Kunming has four radio stations. Through a kind of fluke, I was invited to one of them that features an English language program twice a week called "Let's Learn English Together."
The pictures on this page represent the second of two, programs that I co-hosted. In the first show, we played some alternative/electronic music that was provided by a friend who was supposed to be on the show that night, but he got sick, and since he knew of my professional history in radio, invited me to fill in for him.
I was introduced on-air as an American radio announcer. I didn't know any of the music that I played because it was all supplied by my sick friend. With the exception of my old college radio buddies who are probably reading this, chances are you wouldn't have recognized any of the music either.
And that's what made it great. There were no words in the songs, and that allowed me to come up with interesting stories regarding the origin of the titles of the songs that I'm sure had nothing to do with the composer's intent. But then, that's what radio's for, the "Theater of the Mind" as they're fond of saying.
During the second half of the hour-long show, we took calls from listeners. I think we talked to five people. Four of them asked about Michael Jackson. The fifth knew of some other artists.
I gently suggested that there might be something not quite right with the King of Pop, regarding his alleged appreciation of children above and beyond the charity work that he does. But the subtlety of the message was lost, I think. I didn't want to get thrown off the air again (as I was at UC Irvine's radio station-a badge of honor), so I kept my observations gentle in reference to the gloved one. For those of you not in the know, I was relieved of my duties as a talk show host in college once because on this show called "Freedom of Voice" I got a little bit too free, I guess. I was not politically correct. China has a very rigid standard of political correctness, and I knew it.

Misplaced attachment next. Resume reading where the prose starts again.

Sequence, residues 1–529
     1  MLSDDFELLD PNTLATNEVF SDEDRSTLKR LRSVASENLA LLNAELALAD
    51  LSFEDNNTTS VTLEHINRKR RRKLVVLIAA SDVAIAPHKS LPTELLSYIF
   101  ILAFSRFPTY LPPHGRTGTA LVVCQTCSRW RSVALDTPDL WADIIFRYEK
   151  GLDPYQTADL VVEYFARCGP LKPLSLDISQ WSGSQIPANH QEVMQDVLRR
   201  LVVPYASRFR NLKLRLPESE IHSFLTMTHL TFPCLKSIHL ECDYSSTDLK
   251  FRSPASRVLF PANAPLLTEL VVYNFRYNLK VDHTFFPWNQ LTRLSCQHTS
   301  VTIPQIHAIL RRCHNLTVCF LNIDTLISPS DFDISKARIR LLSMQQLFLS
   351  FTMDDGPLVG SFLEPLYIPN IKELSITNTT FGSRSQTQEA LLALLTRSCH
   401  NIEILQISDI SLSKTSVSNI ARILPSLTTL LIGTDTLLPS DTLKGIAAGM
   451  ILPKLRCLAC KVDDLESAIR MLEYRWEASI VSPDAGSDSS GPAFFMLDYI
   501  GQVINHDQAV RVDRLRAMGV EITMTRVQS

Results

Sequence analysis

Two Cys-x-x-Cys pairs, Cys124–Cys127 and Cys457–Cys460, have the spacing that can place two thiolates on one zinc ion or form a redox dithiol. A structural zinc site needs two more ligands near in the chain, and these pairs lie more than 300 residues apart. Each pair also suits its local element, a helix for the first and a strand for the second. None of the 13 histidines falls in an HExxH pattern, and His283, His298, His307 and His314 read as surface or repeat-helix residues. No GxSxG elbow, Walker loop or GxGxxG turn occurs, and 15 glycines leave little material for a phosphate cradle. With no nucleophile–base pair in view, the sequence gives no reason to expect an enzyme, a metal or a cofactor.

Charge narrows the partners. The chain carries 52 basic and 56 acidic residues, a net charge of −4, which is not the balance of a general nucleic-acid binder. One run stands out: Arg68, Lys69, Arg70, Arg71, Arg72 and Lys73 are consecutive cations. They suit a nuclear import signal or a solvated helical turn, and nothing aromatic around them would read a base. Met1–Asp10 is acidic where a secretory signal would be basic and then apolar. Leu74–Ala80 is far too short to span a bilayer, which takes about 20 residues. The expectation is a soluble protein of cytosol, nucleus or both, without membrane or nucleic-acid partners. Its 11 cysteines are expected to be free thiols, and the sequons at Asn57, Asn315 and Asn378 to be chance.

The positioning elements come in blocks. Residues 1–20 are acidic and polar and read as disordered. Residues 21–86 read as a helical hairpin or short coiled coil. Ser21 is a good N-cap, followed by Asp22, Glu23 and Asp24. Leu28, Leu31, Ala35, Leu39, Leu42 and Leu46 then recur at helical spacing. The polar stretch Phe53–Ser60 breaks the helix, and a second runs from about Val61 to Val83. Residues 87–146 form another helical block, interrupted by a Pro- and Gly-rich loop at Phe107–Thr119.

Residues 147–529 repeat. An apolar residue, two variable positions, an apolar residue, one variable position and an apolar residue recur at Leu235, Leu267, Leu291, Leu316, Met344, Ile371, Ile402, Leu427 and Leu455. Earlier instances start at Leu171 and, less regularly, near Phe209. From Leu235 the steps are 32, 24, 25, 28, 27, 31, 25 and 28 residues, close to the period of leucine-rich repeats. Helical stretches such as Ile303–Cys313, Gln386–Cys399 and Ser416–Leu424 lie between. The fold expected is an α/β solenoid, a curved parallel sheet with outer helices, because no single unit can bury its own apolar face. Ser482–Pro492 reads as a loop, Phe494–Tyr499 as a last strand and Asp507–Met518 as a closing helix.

When in Rome, do as the Romans do. Which brings me to the topic of the second show that I did, the one with the pictures below.
I talked about the emerging interest of Chinese medicine, philosophy and culture in the West, specifically in America.
A good announcer can really connect with his audience. In an effort to really see who was listening, I employed a long forgotten trick from the early days of radio. By looking carefully into the microphone, you can actually see out the speakers of the listeners.
To my right is Leisl White, the host. People in China who speak English are given, or chose, Western names. Leisl has a Chinese name, but I was never told it. So, I called her Leisl. Apparently she got that name from The Sound of Music.
Incidentally, Western guests to China get Chinese names. My name translates to "Blue Diamonds." A reference to my eyes, I'm told.
"Please, no pictures!"
Leisl is what I call a "Mao Tse Tung Ren." Ren is "person." I don't know how to say "socialist" or "communist" say I stick with "Mao Tse Tung Ren." Its always good for a laugh too. The reason that I bring this up, is that, off the air, she expressed her disbelief that any non-Chinese person could ever become proficient at traditional Chinese medicine.
I responded with saying the same thing about Western music. Chinese produced music that attempts to mimic the original artists from the West often lacks an edge in their rock or a an understanding of improvisational musical styles such as jazz. But that's not always the case. There's a pianist at the Kunming Hotel who has a better feel for jazz and blues than most I've heard in the states. He understands our music in his heart.
Chinese medicine too requires a little more stretch among those not raised in the culture, but ultimately it is the nature of the student that determines how well the subject is absorbed, not the topic to be learned. There are practitioners who are superior, average, and inferior in both the East and the West.